Guy Williams is a sea ice specialist at the Antarctic Climate and Ecosystem CRC at the University of Tasmania.

This year could well see a new record set for the extent of Antarctic sea ice – hot on the heels of last year’s record, which in turn is part of a puzzling 33-year trend in increasing sea ice around Antarctica. Unsurprisingly, these records have provided fodder for those wishing to cast doubt or resist action on climate change. The Intergovernmental Panel on Climate Change itself states that while hypotheses exist for Antarctic sea ice trends, they are “incomplete and competing” (see page 909 here).

But far from waving the white flag, or falling on their ice corers, Antarctic sea ice researchers are relishing this grand puzzle of the Southern Ocean. In terms of natural experiments, they don’t come much bigger or more exciting than those unfolding across the Antarctic climate system right now. What’s more, the science is beginning to yield answers.

This year is on track to set another record for Antarctic sea ice extent. Data from National Snow and Ice Data Center. (Guy Williams)

Canaries in different coal mines

It’s currently autumn in the Southern Hemisphere — which means that Antarctic sea ice is once again marching north, responding to the cold, dark polar winter. It’s one of Earth’s greatest seasonal changes. Sea ice is the ephemeral lovechild born from an ocean coupled with a cold atmosphere. It is very sensitive to the complex interplay of thermodynamic (freezing and melting) and mechanical (compacting, ridging, rafting, breaking) processes driven by both parents.

As such, sea ice is a canary in the coal mine for changes to polar climate. That much has certainly been obvious in the Arctic. The dramatic decline of Arctic sea ice since 1981 is now firmly in the public consciousness as proof that global warming is real, and that it is a serious and pressing issue. The Arctic canary is unwell, to say the least. However at the other end of the planet, the Antarctic canary seems to be singing away happily, as the total extent has grown, albeit weakly, over the same period. The past two years have each been record-breakers, and 2014 looks to be building the same way. You can track how it’s going here, which shows how much more sea ice there is relative to the 1981-2010 average.

Highs and lows

Perhaps the most important fact about the (slight) increase in total Antarctic sea ice extent is that it masks major and contrasting regional changes. For example, there has been a strong decrease in sea ice duration in the Bellingshausen Sea, while the duration has increased in the western Ross Sea. Such curiosities have led sea ice scientists to investigate several possible mechanisms, and explanations for these patterns are now starting to emerge.

Trends in sea ice duration, 1979-2010, showing large regional variations. Figure from Maksym et al. 2012
(Guy Williams)

The Amundsen Sea Low is a pattern of low atmospheric pressure in the Pacific part of the Southern Ocean, which drags warm air south and pushes cold air north. This southward flow of warm air meets Antarctica in the Bellingshausen Sea, explaining why ice in this area is now in decline. Meanwhile, the cold air is being pushed north from the western Ross Sea — where sea ice extent is increasing. So the Amundsen Sea Low can be used to explain at least two variations in Antarctic sea ice.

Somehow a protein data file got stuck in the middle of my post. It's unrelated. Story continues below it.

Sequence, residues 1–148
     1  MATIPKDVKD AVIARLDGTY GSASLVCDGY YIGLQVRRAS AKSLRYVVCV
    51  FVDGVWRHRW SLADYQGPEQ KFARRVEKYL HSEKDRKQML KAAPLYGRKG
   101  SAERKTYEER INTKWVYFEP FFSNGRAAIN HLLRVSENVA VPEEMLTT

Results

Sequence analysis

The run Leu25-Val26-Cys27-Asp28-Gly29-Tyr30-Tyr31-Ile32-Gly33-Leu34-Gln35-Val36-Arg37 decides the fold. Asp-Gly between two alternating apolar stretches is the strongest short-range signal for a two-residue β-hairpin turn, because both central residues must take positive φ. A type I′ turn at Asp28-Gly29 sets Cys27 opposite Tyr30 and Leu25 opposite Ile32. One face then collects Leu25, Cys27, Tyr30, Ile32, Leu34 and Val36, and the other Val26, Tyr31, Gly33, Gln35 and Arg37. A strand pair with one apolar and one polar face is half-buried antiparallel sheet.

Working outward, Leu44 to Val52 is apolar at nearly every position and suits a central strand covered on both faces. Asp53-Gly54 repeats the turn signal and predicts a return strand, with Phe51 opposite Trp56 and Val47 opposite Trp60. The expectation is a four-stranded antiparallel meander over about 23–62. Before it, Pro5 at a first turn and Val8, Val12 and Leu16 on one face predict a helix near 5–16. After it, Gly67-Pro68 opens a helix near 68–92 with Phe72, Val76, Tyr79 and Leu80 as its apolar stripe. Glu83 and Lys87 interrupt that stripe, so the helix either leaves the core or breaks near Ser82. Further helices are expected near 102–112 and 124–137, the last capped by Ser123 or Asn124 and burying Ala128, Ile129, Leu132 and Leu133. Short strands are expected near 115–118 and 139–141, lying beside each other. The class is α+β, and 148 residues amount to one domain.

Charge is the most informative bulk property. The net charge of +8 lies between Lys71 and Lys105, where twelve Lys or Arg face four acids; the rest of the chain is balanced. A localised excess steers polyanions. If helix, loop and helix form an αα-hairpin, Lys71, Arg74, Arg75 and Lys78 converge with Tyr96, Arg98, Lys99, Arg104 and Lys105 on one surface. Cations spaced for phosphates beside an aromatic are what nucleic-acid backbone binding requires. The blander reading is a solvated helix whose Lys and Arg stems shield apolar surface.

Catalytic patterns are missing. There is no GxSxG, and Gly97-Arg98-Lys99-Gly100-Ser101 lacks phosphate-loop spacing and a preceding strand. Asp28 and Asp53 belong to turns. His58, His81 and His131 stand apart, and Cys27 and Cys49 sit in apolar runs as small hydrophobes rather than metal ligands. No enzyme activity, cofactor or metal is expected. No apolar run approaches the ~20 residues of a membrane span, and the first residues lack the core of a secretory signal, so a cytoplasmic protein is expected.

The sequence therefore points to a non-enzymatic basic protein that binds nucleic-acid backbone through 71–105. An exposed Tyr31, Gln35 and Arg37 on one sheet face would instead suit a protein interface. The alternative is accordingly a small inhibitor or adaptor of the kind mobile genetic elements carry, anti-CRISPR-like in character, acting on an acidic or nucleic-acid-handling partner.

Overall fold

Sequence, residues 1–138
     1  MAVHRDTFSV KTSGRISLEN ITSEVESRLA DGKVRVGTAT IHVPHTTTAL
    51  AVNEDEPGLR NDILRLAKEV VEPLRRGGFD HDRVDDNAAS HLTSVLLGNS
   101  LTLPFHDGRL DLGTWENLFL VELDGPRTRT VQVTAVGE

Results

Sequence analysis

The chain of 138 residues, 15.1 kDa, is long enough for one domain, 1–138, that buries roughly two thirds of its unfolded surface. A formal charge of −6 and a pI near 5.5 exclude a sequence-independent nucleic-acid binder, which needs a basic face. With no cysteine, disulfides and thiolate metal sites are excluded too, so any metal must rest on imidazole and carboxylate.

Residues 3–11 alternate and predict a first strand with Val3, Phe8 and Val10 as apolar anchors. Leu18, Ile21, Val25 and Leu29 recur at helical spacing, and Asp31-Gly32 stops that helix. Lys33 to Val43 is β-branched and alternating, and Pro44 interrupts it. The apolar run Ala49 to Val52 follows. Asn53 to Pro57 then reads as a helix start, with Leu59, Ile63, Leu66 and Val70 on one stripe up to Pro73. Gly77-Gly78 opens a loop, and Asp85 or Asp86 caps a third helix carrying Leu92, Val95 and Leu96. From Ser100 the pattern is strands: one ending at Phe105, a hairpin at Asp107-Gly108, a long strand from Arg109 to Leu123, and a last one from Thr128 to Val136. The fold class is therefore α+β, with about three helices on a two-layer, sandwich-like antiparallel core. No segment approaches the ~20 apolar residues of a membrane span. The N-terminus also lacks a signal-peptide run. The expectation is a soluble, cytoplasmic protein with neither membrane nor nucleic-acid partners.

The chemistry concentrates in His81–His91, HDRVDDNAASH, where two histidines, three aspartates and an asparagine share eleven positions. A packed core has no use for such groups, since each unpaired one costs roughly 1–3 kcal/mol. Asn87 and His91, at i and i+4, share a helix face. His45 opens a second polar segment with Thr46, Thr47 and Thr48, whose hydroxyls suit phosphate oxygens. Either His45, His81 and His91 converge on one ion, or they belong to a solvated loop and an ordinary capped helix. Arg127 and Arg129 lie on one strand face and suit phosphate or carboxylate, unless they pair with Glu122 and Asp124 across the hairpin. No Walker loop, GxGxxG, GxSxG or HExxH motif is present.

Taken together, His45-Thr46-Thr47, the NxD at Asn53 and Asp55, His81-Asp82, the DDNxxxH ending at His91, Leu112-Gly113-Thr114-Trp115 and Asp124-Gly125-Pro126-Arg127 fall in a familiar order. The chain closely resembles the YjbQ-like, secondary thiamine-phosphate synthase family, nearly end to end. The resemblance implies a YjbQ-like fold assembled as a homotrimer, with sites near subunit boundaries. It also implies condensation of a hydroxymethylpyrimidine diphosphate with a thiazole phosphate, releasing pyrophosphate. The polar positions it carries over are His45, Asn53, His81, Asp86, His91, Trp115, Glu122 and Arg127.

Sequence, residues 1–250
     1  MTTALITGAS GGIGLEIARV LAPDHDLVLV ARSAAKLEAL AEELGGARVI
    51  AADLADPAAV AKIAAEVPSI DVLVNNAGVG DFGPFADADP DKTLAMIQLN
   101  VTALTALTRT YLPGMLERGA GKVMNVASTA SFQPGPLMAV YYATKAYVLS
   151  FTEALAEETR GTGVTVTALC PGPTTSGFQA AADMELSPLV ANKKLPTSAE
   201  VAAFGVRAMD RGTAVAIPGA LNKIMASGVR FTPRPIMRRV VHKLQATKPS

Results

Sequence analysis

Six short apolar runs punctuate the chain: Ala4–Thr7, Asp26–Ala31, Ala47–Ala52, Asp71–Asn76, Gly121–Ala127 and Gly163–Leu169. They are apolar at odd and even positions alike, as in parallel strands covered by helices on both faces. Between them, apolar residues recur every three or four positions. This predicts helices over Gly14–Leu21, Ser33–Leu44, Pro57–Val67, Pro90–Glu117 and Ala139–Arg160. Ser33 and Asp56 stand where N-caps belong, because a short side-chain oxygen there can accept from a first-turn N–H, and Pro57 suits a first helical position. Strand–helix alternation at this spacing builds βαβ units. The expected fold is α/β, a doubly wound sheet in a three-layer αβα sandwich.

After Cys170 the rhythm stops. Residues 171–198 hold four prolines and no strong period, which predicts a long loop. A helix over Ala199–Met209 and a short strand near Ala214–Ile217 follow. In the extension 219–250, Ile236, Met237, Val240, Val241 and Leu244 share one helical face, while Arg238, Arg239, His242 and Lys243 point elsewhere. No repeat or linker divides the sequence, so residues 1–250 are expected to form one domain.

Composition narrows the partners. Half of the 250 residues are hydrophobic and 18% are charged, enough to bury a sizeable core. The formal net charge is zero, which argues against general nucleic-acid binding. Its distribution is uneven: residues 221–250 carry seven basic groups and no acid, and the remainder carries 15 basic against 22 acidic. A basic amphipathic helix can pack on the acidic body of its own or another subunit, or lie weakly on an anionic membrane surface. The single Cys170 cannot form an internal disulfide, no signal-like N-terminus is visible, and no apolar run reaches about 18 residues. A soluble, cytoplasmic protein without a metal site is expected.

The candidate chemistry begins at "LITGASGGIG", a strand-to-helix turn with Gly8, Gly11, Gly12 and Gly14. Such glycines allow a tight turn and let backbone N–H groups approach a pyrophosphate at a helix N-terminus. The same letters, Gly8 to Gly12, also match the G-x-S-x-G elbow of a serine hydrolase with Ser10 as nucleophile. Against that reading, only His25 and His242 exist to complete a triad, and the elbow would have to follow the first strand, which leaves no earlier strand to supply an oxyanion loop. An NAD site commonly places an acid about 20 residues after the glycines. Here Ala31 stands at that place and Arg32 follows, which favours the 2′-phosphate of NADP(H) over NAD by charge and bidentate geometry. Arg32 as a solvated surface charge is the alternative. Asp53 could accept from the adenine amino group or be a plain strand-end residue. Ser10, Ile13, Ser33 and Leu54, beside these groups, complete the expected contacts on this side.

The Southern Annular Mode (also called the Antarctic Oscillation) is a term that describes the north-south position of the westerly wind belt that encircles Antarctica in the Southern Ocean. These winds are known variously as the “roaring 40s”, “furious 50s”, and “screaming 60s” depending on their latitude, and when they meet sea ice they drive it northwards (away from Antarctica). Like many other climate patterns (such as El Niño/La Niña), SAM has “positive” and “negative” phases. A positive SAM pushes the winds south to higher latitudes, meaning they encounter more sea ice, pushing more of it northwards and increasing the total ice extent. The Amundsen Sea Low also strengthens with the Southern Annular Mode’s positive phase. The mode has been strongly positive over the past three decades, helping to explain the overall increase in Antarctic sea ice extent, as well as the regional variations.

But that isn’t global warming … or is it?

Here’s the kicker: The strengthening of SAM over recent decades has been directly linked to human activity. Since the 1940s, ozone depletion and increasing greenhouse gases have caused the westerly winds to intensify and migrate south toward Antarctica.

The net effect of this drives sea ice further north and increases its total extent. There is still plenty of great work ahead to improve our understanding and modeling of Antarctica’s climate, but a basic message is emerging. Far from discounting climate change in the Southern Hemisphere, the apparent paradox of Antarctic sea ice is telling us that it is real and that we are contributing to it. The Antarctic canary is alive, but its feathers are increasingly wind-ruffled.


This article was originally published on The Conversation. Read the original article.